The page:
The one big change that has already happened, since midnight on Tuesday in fact, is the increase in capital gains tax to 28 per cent. CGT was previously charged at 18 per cent.

"Overall the change is not as dramatic as many predicted, and with careful planning, most people should be no worse off," says Arabella Saker, partner with the lawyers Maurice Turnor Gardner. "Those most affected will include those with rental properties or holiday homes, who may realise a large gain after holding for many years."

She points out that all gains made before the 10 per cent increase in CGT on 23 June are taxed at 18 per cent. "For gains after that date, the taxpayer adds together their total income and gains for the year (not including pre-23 June gains). If that is less than £43,000, gains are taxed at 18 per cent. Above that, gains are taxed at 28 per cent," Saker explains. "Taxpayers can set losses against the gains of their choice, and still have their annual allowance so the first £10,100 of gains are tax-free."

However, capital gains tax could be increased further by the start of the next tax year, warns Anne Lewis, tax adviser at the lawyers Cripps Harries Hall. "It is the detail behind this Budget and beyond the headlines that is more telling and should not be ignored," she says.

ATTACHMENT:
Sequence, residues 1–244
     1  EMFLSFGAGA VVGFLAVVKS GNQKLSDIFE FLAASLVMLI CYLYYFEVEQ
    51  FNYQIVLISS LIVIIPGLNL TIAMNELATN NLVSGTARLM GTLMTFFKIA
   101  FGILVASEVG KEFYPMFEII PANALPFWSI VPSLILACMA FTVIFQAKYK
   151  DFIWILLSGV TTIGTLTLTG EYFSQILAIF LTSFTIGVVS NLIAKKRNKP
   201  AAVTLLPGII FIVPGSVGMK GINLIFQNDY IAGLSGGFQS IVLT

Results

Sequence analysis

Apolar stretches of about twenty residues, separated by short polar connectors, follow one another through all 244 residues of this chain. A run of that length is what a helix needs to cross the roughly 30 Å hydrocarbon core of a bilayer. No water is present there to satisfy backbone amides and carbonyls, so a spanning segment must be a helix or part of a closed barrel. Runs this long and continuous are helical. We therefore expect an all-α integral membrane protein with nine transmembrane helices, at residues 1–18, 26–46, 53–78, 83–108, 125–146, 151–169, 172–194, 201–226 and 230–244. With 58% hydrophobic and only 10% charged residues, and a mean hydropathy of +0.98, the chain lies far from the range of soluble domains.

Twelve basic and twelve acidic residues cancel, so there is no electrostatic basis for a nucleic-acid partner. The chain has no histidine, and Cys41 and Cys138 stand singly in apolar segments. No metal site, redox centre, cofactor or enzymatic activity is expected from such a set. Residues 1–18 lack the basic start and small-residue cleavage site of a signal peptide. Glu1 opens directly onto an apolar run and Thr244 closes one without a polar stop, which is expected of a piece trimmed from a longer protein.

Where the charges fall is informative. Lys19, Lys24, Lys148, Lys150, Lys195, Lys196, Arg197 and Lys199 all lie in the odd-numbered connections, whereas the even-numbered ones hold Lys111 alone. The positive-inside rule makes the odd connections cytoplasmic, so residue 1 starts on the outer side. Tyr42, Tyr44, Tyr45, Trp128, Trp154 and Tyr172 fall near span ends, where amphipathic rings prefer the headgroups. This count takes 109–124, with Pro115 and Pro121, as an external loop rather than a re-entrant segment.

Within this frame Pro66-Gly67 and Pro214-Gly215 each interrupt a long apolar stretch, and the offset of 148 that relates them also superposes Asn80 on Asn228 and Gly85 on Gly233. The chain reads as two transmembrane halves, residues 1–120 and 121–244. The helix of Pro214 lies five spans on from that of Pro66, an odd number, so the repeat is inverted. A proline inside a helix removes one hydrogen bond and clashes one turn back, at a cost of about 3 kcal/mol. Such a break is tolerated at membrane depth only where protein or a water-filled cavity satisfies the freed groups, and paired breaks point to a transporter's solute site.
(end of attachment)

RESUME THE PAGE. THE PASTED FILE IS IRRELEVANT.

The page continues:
"The Government's notes on capital gains tax leave the door very much open for the Chancellor to increase rates from April 2011. We fully expect to see a further rise in CGT next year now that the Chancellor has softened the expected blow by with an initial rise of 10 per cent," Lewis predicts.

How will the Budget hit shares? "Although a number of the details need to be clarified, the Budget appears positive for UK business and a number of stocks within the FTSE," says Tom Ewing, manager of Fidelity International's UK Growth fund. "Obvious winners include the banks, where the levy to reflect assistance provided during the financial crisis proved smaller than the City was expecting. Further, most of its negative impact will be compensated for by lower corporate profits tax. This tax cut is designed to make the UK one of the most attractive places to invest in the OECD and will be beneficial for any stocks with significant domestic operations."